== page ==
COSMOS; A Spacetime Odyssey, Episode 8, “Sisters of the Sun,” weaves the mythic and astrophysical lives of the stars into the history of the role women have played in our deepening understanding of nature.
The constellation of the Pleiades provides a vehicle for us to explore myth, astrophysics,
and the sociology of science. Our distant human ancestors used the Pleiades as a clock to time their planting seasons, making agriculture possible and as a result our species moved indoors and lost sight of them altogether. For the early Celtic people, the Pleiades became a symbol for what we now call Halloween. This open star cluster also played a role in the Native American Kiowa legend of the formation of the Devil’s Tower in Wyoming. When the ancient Greeks looked up at the Pleiades, they also saw Orion lustfully chasing the seven sisters across the sky – a hot pursuit lasting eons. The modern “sisters of the sun” were a team of early 20th century female astronomers at Harvard, led by two deaf scientists. Annie Jump Cannon and Henrietta Swan Leavitt worked with dozens of women to classify some 400,000 stars. It’s also the story of young British beauty Cecilia Payne, the genius who joined forces with them. Payne’s courageous defiance of the world’s leading astronomer gave us our understanding of the true
composition of the stars. The Ship of the Imagination makes us an eyewitness to the lives and deaths of stars – including our own Sun. We travel through the Window on the Future to experience the last perfect day on Earth… And to the world of a binary star system to witness its own cataclysmic demise.
We venture deep into the Australian outback, away from the light pollution of cities to see
the stars as sharply as our ancestors must have seen them. We are searching for Eta
Carina, some 7500 light years away, and the evil twin that will gravitationally torment it until
it becomes… not a mere supernova, but a hypernova that will one day light up the night in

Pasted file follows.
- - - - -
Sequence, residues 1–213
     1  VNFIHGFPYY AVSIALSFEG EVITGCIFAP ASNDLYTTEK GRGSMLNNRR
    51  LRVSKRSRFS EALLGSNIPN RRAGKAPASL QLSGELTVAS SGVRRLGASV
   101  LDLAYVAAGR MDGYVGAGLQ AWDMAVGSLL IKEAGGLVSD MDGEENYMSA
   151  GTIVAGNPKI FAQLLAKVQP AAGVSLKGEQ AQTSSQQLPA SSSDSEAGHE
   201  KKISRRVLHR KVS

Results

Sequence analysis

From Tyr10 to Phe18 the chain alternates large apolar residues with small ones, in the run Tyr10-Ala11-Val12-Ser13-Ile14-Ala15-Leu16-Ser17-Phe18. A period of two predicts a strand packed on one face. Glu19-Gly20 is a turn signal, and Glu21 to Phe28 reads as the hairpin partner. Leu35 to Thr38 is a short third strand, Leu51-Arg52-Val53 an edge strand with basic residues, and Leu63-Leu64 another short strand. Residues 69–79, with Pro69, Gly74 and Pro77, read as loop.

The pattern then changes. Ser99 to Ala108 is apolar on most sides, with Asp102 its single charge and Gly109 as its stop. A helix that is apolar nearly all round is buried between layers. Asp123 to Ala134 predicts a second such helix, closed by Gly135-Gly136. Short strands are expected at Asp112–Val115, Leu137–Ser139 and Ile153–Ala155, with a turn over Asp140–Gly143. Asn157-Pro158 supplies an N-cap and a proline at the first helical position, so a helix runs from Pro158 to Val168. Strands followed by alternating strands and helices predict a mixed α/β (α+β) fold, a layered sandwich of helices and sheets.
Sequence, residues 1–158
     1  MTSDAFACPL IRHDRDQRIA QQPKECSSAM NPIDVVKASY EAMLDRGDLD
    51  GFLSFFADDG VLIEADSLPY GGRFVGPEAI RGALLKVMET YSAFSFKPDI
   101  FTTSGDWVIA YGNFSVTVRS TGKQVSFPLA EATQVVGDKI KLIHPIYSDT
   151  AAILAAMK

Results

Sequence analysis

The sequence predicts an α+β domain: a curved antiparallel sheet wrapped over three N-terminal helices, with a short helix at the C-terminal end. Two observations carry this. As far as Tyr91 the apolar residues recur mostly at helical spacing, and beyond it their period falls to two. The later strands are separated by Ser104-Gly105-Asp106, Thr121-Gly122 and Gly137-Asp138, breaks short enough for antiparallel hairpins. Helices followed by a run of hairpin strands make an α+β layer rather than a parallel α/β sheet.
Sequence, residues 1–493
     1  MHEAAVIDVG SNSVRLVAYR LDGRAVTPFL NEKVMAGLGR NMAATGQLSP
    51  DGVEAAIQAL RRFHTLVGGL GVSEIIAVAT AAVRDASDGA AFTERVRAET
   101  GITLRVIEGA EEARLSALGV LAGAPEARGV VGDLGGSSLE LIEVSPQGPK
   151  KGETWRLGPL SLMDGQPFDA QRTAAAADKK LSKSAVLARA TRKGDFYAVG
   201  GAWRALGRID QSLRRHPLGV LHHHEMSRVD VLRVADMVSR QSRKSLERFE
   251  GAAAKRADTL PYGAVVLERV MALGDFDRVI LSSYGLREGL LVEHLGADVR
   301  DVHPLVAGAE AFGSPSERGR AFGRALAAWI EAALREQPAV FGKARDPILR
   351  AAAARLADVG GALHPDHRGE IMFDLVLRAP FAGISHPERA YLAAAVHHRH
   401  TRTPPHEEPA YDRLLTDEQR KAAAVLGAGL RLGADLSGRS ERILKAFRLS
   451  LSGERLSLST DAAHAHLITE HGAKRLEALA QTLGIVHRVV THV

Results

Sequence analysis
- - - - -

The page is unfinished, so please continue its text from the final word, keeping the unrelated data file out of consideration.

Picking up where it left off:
the southern hemisphere like another full moon!
We visit a Tuscan vineyard to see how sunshine is transformed into moonshine.
And finally, a trip to the planet of a star orbiting a globular cluster where a still “more
glorious dawn” awaits –- not a sunrise, but a galaxy rise, a morning filled with two hundred
billion suns – the rising of the Milky Way.
• In this episode, we explore two mythic explanations for the existence of the Pleiades.
Pick a constellation and find three myths from different cultures that explain how it came to be in the sky.
• There are many different kinds of stars. Pick one kind and write its biography.
• Novas, supernovas, and hypernovas are three of the fates a star can have. What is it
about a star that leads to such a dramatic destiny?
• How is it possible to take a star’s light, its spectrum, and know what it’s made of and
what its fate will be?
• The Carina Nebula is a star-making machine. If you could travel as fast as light, it
would take you 50 years to cross it. Where does the matter that makes these new
stars come from?
Relevant Scenes from COSMOS
• Act One: Pickering’s Computers
• Act Two: Annie Jump Cannon’s Story of Starlight
• Act Three: What It All Meant
• Act Four: The Final Living Creatures on Our Lonely Planet
• Act Five: Something Far More Catastrophic
• Act Six: A Still More Glorious Dawn
For a deeper dive, more subjects touched on in Episode 8:
• Ancient Green and Kiowa myths of the Pleiades
• Origin of Halloween
• Annie Jump Cannon
• Henrietta Swan Leavitt
• The Draper Star Catalogue
• Stellar spectra
• Classification and atmospheres
• Cecelia Payne
• The fates of the Moon, Earth, and Sun
• Binary and other multiple star systems
• Eta Carina hypernova
• The fate of the stars in Orion and the Pleiades
Written by Ann Druyan
Produced by Cosmos Studios
All rights reserved, Cosmos Studios. For distribution to FOX affiliates to accompany the original broadcast distribution of COSMOS: A SpaceTime Odyssey.